Grand Canyon

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categorie: Engleza

nota: 9.54

nivel: Liceu

Grand Canyon is an exceptionally deep, steep-walled canyon in northwestern Arizona, excavated by the Colorado River. The Grand Canyon is 446 km (277 mi) long, up to 29 km (18 mi) wide, and more than 1500 m (5000 ft) deep. The entire canyon is extremely beautiful, containing towering buttes, mesas, and valleys within its main gorge. A spectacular section of the canyon, together with plateau areas o[...]
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Grand Canyon is an exceptionally deep, steep-walled canyon in northwestern Arizona, excavated by the Colorado River. The Grand Canyon is 446 km (277 mi) long, up to 29 km (18 mi) wide, and more than 1500 m (5000 ft) deep. The entire canyon is extremely beautiful, containing towering buttes, mesas, and valleys within its main gorge. A spectacular section of the canyon, together with plateau areas on either side of it, are preserved as the Grand Canyon National Park, which receives about four million visitors a year.

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III.1 RELIEF

The Colorado Plateau is a flat, dry, semidesert region that covers the northern two-fifths of the state. Many rivers have carved deep canyons into this region, with the most famous example being the Grand Canyon of the Colorado River. The river in the Grand Canyon is as much as 1,500 m (5,000 ft) below the level of the surrounding plateau. Canyon de Chelly and Oak Creek Canyon are also beautiful, but lesser known, canyons carved into the plateau by tributaries of the Colorado River.

About 2 billion years ago this area, now mostly 1,500 to 2,400 m (5,000 to 8,000 ft) above sea level, lay under a vast sea. Through the ages the land emerged and resubmerged repeatedly, and many different rock types, including igneous, sedimentary, and metamorphic, formed. Rivers cut through layers of soil and rock to reach the ancient granites, quartzites, and rocks now revealed. Water and wind have eroded the edges of canyons and the surface of the plateaus, carving isolated, steep-sided, flat-topped hills called mesas. Underlying rocks such as sandstones, shales, and limestones have also been exposed by erosion, creating a kaleidoscope of brilliant colors on canyon and mesa walls.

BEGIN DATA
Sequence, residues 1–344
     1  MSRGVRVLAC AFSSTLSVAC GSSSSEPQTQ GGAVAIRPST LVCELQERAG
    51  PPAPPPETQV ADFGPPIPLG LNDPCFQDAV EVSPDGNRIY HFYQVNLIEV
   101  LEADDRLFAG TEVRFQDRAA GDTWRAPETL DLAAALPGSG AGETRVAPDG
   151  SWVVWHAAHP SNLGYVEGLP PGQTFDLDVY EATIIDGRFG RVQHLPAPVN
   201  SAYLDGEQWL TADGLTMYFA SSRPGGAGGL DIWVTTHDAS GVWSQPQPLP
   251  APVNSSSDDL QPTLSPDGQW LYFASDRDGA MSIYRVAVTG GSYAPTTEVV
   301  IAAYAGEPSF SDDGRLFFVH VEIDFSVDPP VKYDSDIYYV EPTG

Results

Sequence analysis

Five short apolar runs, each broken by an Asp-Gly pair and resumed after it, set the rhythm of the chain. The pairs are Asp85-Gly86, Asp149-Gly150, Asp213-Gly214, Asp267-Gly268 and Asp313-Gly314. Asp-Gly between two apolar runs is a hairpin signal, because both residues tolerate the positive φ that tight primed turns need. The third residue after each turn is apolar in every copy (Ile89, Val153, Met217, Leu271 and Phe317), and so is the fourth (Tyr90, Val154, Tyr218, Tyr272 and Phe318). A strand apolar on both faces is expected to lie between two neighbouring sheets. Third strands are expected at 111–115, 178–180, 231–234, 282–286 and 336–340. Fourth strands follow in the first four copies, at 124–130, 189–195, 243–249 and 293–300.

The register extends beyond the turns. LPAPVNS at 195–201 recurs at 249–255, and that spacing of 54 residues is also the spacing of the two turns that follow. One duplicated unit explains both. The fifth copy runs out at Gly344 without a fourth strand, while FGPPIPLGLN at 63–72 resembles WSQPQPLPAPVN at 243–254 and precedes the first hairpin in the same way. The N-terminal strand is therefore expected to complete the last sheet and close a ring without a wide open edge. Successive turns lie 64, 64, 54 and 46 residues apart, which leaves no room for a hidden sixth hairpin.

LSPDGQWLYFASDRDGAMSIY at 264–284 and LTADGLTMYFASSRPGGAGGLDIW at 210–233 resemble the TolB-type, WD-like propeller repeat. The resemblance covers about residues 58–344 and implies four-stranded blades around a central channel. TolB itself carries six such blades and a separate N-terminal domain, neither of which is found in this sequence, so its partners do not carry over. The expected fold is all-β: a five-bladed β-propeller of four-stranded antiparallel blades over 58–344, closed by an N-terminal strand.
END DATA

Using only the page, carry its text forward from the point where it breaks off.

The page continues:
North of the Grand Canyon is the Kaibab Plateau, which is an area extending from Utah into Arizona. The Kaibab Plateau resembles a peninsula.
The section of the Colorado Plateau located in the northern and northeastern part of the state is a maze of valleys and mesas. Carved knobs, rounded domes, and tall rock spires that pierce broad valleys earned the area its name of Monument Valley. The Painted Desert, where red, yellow, purple, blue, brown, and gray rocks alternate in a vivid display of colors, extends south from the Grand Canyon to the Mogollon Rim. Within the Painted Desert is the Petrified Forest National Park, an area of giant, ancient fallen trees that slowly petrified over thousands of years.

South of the Grand Canyon lies the San Francisco Plateau, which is covered by ancient lava flows and dotted with extinct volcanic cones such as Humphreys Peak, 3,851 m (12,633 ft) tall, the highest point in Arizona. The southeastern part of the Colorado Plateau in Arizona is part of the Datil section, noted for its solidified lava flows and other volcanic features.

The southern border of the Colorado Plateau is distinguished by an extensive volcanic escarpment known as the Mogollon Rim. The Rim, which extends from central Arizona toward the southeast and terminates in the Mogollon Mountains, was originally created by tectonic pressure, uplift of the plateau, and, most important, erosion of the Transition Zone. The steep rock wall reaches about 600 m high in some places. To the south of the Mogollon Rim is a narrow strip of land known as the Transition Zone.